Children may find it challenging to concentrate on long-term goals. Thus, you should give them instructions that they can focus on. Instead of saying, “You should study well so that you do well at the end of the year,” you can say, “Complete this homework today, and you can study for the test tomorrow.”
And when your children complete the required task, acknowledge it. Positive reinforcement is an excellent way to shape good behavior.
3. Start a conversation
If your child has done something wrong, the first thing you should do is to start a conversation with them. Create an environment where they feel safe to discuss with you, so they feel they are allowed to learn from mistakes without the fear of being judged. This is the best way you can offer them advice on the correct course of action.
If your child is worried about you losing your temper, they will freeze and not be open to accepting guidance from you. If your temper flares up, it is never too late to apologize – children learn from your mistakes and repairs, too!
4. Ask your child what they think
Let your child talk and express their thoughts. They must have thought in a particular way to arrive at their final decision. This helps you understand what made them perform a specific action.
Although it might be tempting to correct each thought as they narrate it, remain calm and let them finish what they have to say before you offer them advice. Expressing their thoughts out loud could also give your child a new perspective on their actions.
5. Discipline based on intent and not actions
If your child has done something inappropriate in a fit of anger, focus on the intent of the act instead of the act itself. For example, if they have broken something in anger, they should be taught the correct way to handle the anger instead of focusing on the broken item.
This teaches children that while they can vent, they cannot destroy things or harm people. This is another way to teach children that actions have consequences.
6. Do not overdo it
Cutting down on a child’s favorite activities is one of the most effective ways of grounding a child. However, if you overdo it, your child might become resentful instead of learning from the grounding. Often you can simply limit even a portion of their time with a favorite activity but not take it away completely.
7. Keep groundings short
Long-term groundings seem to do more harm than good. Children, especially when they are older, find ways to cheat or work their way around the punishment. Also, long groundings do not allow you to reinforce proper behavior.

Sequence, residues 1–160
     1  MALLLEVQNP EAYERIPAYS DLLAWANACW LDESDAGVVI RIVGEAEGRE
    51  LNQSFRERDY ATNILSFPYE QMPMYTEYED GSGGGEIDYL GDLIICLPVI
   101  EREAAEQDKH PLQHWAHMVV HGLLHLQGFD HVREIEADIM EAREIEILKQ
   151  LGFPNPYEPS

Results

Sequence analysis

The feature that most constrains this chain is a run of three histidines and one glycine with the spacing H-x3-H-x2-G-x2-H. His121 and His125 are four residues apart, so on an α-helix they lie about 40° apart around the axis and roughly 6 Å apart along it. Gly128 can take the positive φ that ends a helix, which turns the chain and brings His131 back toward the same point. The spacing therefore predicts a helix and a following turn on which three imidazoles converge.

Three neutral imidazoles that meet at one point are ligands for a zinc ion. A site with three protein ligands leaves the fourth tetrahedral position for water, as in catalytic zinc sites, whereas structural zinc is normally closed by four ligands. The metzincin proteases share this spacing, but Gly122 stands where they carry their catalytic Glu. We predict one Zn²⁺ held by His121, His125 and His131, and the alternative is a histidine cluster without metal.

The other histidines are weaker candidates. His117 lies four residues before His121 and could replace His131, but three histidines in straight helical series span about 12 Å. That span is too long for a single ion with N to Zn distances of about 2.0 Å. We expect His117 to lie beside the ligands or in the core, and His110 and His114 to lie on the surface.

If your children have done something that warrants a long grounding, you might want to consider other methods for disciplining them.
8. Avoid complete grounding from social media
Even if you find it tempting to stop your child from using social media, it might be detrimental to their social development. Besides connecting with their friends, children also use social media to stay updated on their schoolwork and keep abreast of the news. By taking away their phones or banning the use of social media, you are cutting off all contact.
This could lead to more resentment, and your children might be unwilling to change their behavior. It could also lead to anxiety. Instead, you can allow limited time for access and set certain boundaries during that time.
9. Give them chances to reduce their grounding
Allow your children to “trade” their grounding for good behavior. This might be anything you choose, such as asking them to do chores around the house or complete their homework on time. If your child displays good behavior continuously, you can reduce the period of grounding.
10. Give your child an opportunity to fix their error
When you have talked about your child’s misbehavior, offer them a chance to fix the problem. This will give your child an opportunity to learn the different ways they can fix their mistakes.
For example, if they have hurt a friend at school, let them come up with ways to apologize – a handwritten note for example. These consequences may help them learn to analyze their actions and gain empathy for others.
11. Be empathetic
Remember that your child is just a young person trying to navigate their way around the world. Put yourself in their shoes and try to empathize with their situation instead of being angry at them.
When you begin to empathize with your children, you automatically start trying to find ways to rectify the problem instead of shouting at your child and grounding them.
Open communication is the key to a healthy parent-child relationship. Your child will feel more confident about sharing the different aspects of their life with you and come to you willingly for advice.
Grounding kids might seem the best way to enforce rules, but when not done right, it can push your children away from you. Do it reasonably and give your children the chance to learn from their mistakes.
2. Modified Grounding; Center For Effective Parenting
3. Grounding as a Method of Discipline – Guidelines for Parents; University of Nebraska Medical Center